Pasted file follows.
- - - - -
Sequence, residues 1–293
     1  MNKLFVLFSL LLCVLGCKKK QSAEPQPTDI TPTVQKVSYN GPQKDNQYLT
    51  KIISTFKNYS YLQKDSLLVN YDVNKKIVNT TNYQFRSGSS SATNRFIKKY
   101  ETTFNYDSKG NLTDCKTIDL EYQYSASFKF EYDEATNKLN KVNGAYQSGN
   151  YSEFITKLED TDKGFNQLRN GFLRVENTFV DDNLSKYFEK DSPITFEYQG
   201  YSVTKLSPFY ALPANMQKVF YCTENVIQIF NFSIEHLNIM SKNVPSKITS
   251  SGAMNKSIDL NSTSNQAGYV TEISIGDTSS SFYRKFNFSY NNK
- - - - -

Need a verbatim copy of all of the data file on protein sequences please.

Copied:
Sequence, residues 1–293
     1  MNKLFVLFSL LLCVLGCKKK QSAEPQPTDI TPTVQKVSYN GPQKDNQYLT
    51  KIISTFKNYS YLQKDSLLVN YDVNKKIVNT TNYQFRSGSS SATNRFIKKY
   101  ETTFNYDSKG NLTDCKTIDL EYQYSASFKF EYDEATNKLN KVNGAYQSGN
   151  YSEFITKLED TDKGFNQLRN GFLRVENTFV DDNLSKYFEK DSPITFEYQG
   201  YSVTKLSPFY ALPANMQKVF YCTENVIQIF NFSIEHLNIM SKNVPSKITS
   251  SGAMNKSIDL NSTSNQAGYV TEISIGDTSS SFYRKFNFSY NNK